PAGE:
After establishing that she was indeed the same person that her Japanese family had abandoned, the orphan search organization flew her, her husand and teenage children to Tokyo for a three month preview of what life might be like if they became Japanese citizens. The offer included a year's free rent, low-level jobs for the parents and free Japanese language training school for all.
Liu's family liked what they saw and the Chinese government had no objections
``The Chinese government's official interest is to send as many `peasants' to emigrate to Japan as possible,'' said Chan at Hong Kong U. ``So the Chinese authorities have been very helpful. The Japanese citizenship law had been very rigid and the Japanese government had been passive and tried to procrastinate.
``But the Japanese government's attitude has changed, mostly because of pressure from domestic lobby groups, made up of some ex-Manchurian-Japanese who repatriated in the 1940s and 1950s, and they have been supported by liberal lawyers and journalists.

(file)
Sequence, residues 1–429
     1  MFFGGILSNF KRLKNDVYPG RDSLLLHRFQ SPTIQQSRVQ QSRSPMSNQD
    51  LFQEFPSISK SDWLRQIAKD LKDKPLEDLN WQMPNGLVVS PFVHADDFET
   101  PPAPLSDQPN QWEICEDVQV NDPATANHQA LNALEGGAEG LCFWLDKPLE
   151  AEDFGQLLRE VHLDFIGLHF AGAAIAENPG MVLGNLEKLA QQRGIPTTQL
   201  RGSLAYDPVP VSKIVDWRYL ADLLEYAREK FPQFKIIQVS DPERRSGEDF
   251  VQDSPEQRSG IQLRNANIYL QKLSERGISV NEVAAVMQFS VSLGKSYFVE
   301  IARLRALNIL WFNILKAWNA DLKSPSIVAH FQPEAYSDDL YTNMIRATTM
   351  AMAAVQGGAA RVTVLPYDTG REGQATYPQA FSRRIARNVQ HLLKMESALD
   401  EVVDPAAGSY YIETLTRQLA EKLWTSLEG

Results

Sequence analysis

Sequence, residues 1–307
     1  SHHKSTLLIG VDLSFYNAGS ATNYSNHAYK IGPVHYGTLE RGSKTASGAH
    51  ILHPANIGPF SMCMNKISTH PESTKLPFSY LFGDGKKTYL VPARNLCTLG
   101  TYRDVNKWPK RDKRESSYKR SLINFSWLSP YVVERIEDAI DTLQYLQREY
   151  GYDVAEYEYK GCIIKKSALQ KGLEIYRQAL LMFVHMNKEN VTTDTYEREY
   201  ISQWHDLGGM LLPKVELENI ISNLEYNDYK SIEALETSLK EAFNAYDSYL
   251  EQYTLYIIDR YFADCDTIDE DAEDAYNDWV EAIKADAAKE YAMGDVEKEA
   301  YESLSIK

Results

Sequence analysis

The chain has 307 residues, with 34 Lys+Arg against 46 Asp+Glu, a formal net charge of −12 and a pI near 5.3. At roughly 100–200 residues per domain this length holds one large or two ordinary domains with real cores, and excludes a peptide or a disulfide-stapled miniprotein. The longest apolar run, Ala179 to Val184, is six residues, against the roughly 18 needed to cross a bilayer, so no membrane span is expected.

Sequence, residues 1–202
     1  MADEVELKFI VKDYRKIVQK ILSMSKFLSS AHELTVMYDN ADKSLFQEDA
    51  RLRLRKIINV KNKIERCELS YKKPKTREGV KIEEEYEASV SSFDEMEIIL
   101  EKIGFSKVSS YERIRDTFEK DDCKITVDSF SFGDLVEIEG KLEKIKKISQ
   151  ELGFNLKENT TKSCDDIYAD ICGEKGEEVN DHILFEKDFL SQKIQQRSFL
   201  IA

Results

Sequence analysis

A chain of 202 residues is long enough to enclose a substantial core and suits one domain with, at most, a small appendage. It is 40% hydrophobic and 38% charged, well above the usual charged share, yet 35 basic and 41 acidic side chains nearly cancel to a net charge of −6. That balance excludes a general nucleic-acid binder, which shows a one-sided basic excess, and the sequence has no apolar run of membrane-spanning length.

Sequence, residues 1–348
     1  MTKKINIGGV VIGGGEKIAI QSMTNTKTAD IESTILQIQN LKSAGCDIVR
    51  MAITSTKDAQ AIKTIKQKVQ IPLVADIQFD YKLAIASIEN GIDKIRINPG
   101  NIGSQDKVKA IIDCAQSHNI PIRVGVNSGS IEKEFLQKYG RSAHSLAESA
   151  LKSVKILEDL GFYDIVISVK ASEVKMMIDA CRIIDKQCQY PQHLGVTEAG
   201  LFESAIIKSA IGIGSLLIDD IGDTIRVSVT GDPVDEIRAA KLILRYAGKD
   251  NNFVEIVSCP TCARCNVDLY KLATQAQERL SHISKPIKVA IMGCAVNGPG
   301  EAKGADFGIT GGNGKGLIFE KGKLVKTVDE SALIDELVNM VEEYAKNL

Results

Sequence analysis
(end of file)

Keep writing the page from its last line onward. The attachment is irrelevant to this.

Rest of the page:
``One repatriated orphan told me emotionally that the only reason they could live in their `mother country' was because of the volunteers. The Japanese government has done nothing but continuously try to abandon them,'' Chan said.
Indeed on July 7 this year the Osaka District Court turned down a damage suit filed by former Japanese war orphans demanding that the government pay 33 million yen (US$295,700) to each. It was the first ruling among 15 lawsuits filed by 2,063 plaintiffs, representing 80 percent of repatriated war orphans. The Osaka plaintiffs are appealing to a higher court but Liu and her family were never among them or others who felt isolated in Japan where they are often described as Chugoku zanryu koji(orphans abandoned in China) and often viewed as objects of sympathy and national guilt.